TOKYO — Before last year’s devastating earthquake, college student Tatsunori Hirota envisioned a life as a “salaryman,” one of the nation’s countless tradition-bound corporate foot soldiers in white shirts and black slacks who fill the city’s subways every morning and night commuting to and from nondescript offices.
But the psychological aftershocks of the disaster have created a new sense of urgency among a small but growing number of young professionals and college students like Hirota. They are abandoning the path of the corporate salaryman to chart their own way by launching tech startups.
“We lost family,” said Hirota, a Tokyo University economics student who, after the magnitude 9.0 quake, began studying programming and co-founded an e-learning website, Mana.bo, that received positive feedback from venture capitalists after he visited California over the summer.
“We felt death closer than before,” he said. “Now we don’t want to work for the big company. We want to work for ourselves. The biggest risk is that something could happen to you before you do something you really love. It could happen anytime, anywhere.”
The shift in attitude comes as Japan’s technology sector struggles to remain relevant in a global economy that is leaving it behind. Observers say Japan’s inward-looking and risk-averse culture has for years dampened the nation’s entrepreneurial spirit. In its 2010 report, the Global Entrepreneurship Monitor ranked Japan lowest among advanced economies in terms of attitudes toward launching new businesses. It noted that Japanese were the least likely to consider becoming entrepreneurs.
In the aftermath of the earthquake and tsunami, which cost more than 13,000 lives and triggered widespread power outages and radioactive leaks from the Fukushima Daiichi nuclear power plant, there was a “shattering of trust in big institutions” across Japanese society, said Phil Libin, CEO of Mountain View, Calif.-based Evernote, a provider of note-taking and archiving technology that has operations in Tokyo.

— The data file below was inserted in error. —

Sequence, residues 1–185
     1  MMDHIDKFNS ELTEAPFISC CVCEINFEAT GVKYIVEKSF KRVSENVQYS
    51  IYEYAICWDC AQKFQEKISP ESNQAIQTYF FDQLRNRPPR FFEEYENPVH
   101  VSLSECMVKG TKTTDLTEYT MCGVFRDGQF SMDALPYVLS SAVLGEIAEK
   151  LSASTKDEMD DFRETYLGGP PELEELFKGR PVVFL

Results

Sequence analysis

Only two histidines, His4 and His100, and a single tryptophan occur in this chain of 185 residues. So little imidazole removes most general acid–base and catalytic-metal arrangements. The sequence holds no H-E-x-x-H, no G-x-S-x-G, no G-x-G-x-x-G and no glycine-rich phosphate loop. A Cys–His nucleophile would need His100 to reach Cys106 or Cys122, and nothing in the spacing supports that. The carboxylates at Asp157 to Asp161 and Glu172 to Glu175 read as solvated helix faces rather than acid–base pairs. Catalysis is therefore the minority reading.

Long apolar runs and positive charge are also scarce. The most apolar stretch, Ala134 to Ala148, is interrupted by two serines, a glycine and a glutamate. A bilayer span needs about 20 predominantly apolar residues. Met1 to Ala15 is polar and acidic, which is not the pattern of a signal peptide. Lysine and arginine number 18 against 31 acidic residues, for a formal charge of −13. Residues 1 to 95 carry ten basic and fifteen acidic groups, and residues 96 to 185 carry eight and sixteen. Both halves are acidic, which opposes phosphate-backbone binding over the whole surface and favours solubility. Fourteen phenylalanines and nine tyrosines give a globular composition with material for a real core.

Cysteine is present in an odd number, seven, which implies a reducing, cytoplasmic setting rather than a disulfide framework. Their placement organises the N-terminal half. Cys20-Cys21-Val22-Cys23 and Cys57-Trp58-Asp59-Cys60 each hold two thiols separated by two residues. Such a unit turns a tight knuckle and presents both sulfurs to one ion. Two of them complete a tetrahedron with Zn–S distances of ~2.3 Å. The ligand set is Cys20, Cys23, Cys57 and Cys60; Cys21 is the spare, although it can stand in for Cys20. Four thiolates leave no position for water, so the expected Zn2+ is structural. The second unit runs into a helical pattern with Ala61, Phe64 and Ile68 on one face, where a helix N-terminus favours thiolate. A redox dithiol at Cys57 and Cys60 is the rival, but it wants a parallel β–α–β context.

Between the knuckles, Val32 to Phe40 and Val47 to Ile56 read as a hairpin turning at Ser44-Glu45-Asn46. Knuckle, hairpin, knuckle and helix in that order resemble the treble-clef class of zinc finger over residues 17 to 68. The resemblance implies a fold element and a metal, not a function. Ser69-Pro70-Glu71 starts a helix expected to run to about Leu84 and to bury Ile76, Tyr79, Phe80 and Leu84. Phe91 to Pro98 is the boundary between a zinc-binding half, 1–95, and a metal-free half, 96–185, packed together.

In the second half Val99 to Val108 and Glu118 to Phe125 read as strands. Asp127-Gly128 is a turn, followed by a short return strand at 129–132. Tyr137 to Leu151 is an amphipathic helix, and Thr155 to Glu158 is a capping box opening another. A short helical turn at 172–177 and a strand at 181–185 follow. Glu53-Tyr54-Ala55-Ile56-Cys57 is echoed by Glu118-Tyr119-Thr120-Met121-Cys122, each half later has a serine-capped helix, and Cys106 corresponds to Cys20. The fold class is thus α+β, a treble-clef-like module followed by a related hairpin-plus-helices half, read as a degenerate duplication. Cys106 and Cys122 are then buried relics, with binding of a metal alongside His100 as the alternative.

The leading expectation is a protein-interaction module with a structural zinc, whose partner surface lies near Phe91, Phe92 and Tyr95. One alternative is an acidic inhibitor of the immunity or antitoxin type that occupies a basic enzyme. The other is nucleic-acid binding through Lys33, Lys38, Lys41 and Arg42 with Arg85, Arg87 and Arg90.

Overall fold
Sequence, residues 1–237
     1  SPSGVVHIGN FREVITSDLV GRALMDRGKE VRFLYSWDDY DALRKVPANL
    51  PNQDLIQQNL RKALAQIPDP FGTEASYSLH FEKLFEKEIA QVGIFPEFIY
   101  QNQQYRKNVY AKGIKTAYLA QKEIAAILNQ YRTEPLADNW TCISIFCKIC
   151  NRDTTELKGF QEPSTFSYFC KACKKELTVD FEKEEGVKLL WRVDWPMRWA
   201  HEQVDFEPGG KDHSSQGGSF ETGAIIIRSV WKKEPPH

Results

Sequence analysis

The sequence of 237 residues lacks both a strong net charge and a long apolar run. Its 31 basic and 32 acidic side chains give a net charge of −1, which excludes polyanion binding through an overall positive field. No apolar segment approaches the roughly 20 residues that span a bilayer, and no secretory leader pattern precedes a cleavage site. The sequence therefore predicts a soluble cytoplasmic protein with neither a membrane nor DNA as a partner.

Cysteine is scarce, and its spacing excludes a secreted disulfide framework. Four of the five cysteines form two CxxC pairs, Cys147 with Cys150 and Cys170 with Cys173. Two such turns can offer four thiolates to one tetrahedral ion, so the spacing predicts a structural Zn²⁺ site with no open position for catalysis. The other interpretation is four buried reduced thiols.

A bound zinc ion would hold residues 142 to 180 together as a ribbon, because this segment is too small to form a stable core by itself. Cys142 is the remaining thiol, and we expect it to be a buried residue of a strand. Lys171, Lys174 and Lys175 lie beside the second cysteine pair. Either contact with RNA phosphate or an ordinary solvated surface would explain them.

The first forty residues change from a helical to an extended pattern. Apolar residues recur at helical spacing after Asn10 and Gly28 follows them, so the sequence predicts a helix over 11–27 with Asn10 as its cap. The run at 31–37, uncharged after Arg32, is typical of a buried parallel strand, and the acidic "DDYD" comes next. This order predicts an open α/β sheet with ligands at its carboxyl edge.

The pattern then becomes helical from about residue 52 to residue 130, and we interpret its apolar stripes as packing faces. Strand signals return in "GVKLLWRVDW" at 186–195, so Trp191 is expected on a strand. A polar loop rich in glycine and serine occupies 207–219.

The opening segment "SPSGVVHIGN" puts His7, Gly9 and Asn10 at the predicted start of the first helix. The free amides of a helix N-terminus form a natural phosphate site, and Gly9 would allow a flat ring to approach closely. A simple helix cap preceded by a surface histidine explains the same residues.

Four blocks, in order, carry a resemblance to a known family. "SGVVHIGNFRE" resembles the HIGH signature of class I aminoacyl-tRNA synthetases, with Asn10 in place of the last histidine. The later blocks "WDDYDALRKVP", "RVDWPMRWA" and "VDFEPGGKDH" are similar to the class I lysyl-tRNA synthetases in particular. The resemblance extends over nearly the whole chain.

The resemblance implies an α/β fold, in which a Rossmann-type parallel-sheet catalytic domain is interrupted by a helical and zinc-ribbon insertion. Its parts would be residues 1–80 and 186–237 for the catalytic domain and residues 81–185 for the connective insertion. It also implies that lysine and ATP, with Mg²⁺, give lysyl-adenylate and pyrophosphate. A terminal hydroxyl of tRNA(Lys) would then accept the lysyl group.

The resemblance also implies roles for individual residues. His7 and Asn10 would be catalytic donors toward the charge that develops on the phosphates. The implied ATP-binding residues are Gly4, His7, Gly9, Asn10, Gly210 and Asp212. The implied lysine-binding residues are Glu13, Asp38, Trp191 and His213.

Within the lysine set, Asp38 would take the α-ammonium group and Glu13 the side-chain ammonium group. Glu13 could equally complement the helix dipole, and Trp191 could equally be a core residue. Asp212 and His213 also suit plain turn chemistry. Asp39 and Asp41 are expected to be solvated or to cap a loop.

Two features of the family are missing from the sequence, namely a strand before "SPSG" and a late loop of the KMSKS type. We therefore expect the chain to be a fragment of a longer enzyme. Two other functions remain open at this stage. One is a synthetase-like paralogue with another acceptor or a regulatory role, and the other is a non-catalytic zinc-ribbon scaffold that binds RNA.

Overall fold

That collapse of faith extended to large tech companies, many of whom have broken with long-held promises of lifelong employment with mass layoffs.
“The younger generation — their parents are getting fired from the big companies,” said Nobuyasu Kondo, an executive with Tokyo-based GNT, a Japanese mobile and gaming platform. “They realize if you work for the big company, you can still get fired. So why not take a risk and start your own company?”
At the same time, Japanese realize their nation’s future prosperity and economy, surpassed recently by China as the world’s second-largest economy, is vulnerable in the global market, said Ted Yamamoto, a general partner at UTEC, a venture firm tied to Tokyo University whose mission is modeled after Stanford University, which long has fostered tech entrepreneurship among faculty and students.
“It’s obvious the Japanese market is shrinking,” he said. “The population is shrinking. You bypass Japan to go to China and India.”
Government officials, academics and industry leaders say that if the nation is to regain its technological mojo, it needs to jump-start an entrepreneurial culture, and that includes tapping into Silicon Valley.